At Least 8 People Dead, More Than A Dozen Injured In New York City Vehicle Attack

Oct 31, 2017
Originally published on October 31, 2017 11:12 pm
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ARI SHAPIRO, HOST:

Now we're going to turn to the latest that we're learning about what's being described as an act of terror in New York City this afternoon. Police say a man in a rented truck drove down a busy bicycle path, and at least eight people are dead. Here's New York Mayor Bill de Blasio.

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BILL DE BLASIO: We know that this action was intended to break our spirit. But we also know New Yorkers are strong. New Yorkers are resilient. And our spirit will never be moved by an act of violence, an act meant to intimidate us. We have been tested before as a city very near the site of today's tragedy. And New Yorkers do not give in in the face of these kinds of actions.

SHAPIRO: President Trump has also tweeted, in NYC, looks like another attack by a very sick and deranged person. Law enforcement is following this closely - then in all caps - not in the USA.

NPR's Colin Dwyer is following this and joins us now. Hi, Colin.

COLIN DWYER, BYLINE: Hi, Ari.

SHAPIRO: Tell us more about what we learned from this news conference where the mayor and the police commissioner spoke.

DWYER: Well, of course this is an evolving situation. But the information that we know now is, as you said, at least people - at least eight people dead, more than a dozen injured. This was after a rented truck jumped onto a bicycle path, striking several individuals. This was a - and this was a 29-year-old male who after colliding into a school bus left the vehicle, brandishing two firearms which were later revealed to be fake weapons.

SHAPIRO: This is a pattern that we have seen other attackers use. Do we have any information about whether there is a nexus to terrorism?

DWYER: We do have the knowledge that, according to Bill de Blasio, according to the information that they know now, this is an act of terror. He called it a cowardly act of terror. But New York Governor Andrew Cuomo actually added that there is not any further act of terror connected with this.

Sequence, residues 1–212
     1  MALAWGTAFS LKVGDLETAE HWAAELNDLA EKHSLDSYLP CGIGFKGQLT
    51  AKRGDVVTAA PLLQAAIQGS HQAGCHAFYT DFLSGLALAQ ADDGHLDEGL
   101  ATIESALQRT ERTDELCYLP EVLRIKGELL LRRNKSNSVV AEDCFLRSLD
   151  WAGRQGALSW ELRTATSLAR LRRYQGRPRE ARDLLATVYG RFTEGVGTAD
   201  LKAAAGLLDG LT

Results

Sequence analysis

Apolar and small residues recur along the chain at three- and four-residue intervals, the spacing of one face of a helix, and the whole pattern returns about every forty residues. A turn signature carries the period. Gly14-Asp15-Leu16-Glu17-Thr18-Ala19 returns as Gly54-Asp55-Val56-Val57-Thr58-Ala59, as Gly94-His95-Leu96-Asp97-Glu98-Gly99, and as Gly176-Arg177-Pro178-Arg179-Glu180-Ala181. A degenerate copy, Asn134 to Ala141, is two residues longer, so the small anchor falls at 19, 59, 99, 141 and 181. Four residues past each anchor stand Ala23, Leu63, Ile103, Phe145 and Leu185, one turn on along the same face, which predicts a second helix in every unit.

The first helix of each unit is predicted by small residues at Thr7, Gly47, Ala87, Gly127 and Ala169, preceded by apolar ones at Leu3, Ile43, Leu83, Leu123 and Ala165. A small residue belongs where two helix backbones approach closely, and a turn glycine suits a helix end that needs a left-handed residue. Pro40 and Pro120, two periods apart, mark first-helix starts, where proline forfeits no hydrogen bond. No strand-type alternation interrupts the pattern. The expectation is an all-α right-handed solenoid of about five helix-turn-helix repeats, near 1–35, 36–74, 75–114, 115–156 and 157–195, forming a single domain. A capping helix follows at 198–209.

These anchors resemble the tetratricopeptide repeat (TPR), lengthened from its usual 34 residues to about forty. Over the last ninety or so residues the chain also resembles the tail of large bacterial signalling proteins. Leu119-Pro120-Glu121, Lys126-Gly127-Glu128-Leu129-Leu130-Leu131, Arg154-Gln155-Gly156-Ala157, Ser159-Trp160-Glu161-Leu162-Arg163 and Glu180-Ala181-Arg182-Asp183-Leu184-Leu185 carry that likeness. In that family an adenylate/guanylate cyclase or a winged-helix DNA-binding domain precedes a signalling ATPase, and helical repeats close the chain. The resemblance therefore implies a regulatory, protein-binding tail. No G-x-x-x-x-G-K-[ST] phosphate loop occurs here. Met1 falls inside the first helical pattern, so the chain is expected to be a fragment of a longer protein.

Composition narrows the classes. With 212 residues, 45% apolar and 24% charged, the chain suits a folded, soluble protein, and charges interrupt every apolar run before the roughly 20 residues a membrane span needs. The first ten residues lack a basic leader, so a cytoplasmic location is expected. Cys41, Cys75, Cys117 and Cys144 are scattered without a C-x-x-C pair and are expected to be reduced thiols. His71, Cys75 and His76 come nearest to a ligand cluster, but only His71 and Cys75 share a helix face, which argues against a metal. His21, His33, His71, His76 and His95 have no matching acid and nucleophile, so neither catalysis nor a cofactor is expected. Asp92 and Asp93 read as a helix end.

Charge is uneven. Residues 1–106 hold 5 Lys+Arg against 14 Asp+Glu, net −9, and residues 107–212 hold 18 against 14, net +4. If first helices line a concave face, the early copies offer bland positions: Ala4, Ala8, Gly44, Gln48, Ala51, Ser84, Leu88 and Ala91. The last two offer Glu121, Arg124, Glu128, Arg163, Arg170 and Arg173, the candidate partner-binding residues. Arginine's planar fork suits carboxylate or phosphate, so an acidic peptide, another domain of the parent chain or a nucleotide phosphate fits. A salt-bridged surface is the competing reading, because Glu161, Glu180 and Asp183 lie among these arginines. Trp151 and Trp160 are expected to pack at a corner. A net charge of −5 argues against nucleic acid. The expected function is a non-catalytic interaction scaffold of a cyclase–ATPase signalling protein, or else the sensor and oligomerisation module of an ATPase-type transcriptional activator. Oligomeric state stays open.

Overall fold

SHAPIRO: So police have said that they are not looking for another suspect. The commissioner at the news conference also said the statement made by the suspect when he exited the vehicle was consistent with a terrorist attack. We know that the suspect was shot and is now in police custody. Can you tell us about the scene there in Lower Manhattan right now?

DWYER: It is a swarm of police vehicles. It is a situation that has been a very chaotic one. In fact the school in that area was on lockdown for a little bit. And police are - now have the scene lockdown.

SHAPIRO: We should say that because this is an unfolding situation, some of the reports that we may get early on may or may not be correct. And we're going to update everybody with the latest as we learn it. There have been reports that after driving for almost a mile, this vehicle was stopped by another vehicle, perhaps a school bus. What can you tell us about how this unfolded?

DWYER: Well, at about 3 p.m., this vehicle drove down the bike path, collided with the school bus. After that point, the 29-year-old male left the vehicle and brandished two firearms, at which point the officer on the scene fired on the suspect and shot him in the abdomen.

SHAPIRO: And so at 5 p.m. on a beautiful fall day like this...

DWYER: Right.

SHAPIRO: ...On a pedestrian and bicycle path, there are going to be a lot of people, not only tourists but commuters and people who are trying to get home from work.

DWYER: Right. It was a beautiful fall day. And that was actually one thing that Governor Andrew Cuomo mentioned. It was a beautiful day. And these pedestrians on this bike path just left to go enjoy that day. And instead, many of them are injured, and several others are killed.

SHAPIRO: We'll have more reports on this situation as the evening unfolds from eyewitnesses, from journalists on the scene and of course from leaders in New York City and American leaders here in Washington, D.C. Colin Dwyer, thanks very much.

DWYER: Thank you. Transcript provided by NPR, Copyright NPR.